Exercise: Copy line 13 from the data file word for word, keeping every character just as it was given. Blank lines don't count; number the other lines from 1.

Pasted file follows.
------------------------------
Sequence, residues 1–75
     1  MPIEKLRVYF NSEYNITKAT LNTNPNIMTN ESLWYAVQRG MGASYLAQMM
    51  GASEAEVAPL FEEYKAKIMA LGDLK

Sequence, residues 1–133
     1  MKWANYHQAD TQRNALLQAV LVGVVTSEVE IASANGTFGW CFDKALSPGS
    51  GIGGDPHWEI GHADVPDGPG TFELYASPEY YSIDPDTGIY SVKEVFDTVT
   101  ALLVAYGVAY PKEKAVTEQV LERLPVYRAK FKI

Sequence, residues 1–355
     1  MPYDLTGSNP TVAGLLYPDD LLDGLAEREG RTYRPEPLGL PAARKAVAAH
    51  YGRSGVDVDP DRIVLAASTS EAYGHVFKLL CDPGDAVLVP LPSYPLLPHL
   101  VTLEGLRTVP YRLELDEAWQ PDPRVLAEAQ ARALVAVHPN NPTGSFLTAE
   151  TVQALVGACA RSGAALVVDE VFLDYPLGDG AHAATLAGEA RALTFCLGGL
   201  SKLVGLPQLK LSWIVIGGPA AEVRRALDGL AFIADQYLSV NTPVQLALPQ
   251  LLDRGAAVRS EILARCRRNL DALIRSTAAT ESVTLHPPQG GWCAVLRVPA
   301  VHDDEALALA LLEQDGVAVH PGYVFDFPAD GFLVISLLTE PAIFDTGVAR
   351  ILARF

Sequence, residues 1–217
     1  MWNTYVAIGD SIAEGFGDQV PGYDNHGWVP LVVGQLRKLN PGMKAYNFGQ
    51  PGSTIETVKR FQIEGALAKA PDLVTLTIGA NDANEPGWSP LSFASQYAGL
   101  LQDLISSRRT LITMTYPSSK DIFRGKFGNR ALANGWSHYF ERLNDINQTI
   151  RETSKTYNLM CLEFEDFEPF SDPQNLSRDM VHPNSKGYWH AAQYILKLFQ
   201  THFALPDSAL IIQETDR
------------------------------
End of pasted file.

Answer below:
   201  SKLVGLPQLK LSWIVIGGPA AEVRRALDGL AFIADQYLSV NTPVQLALPQ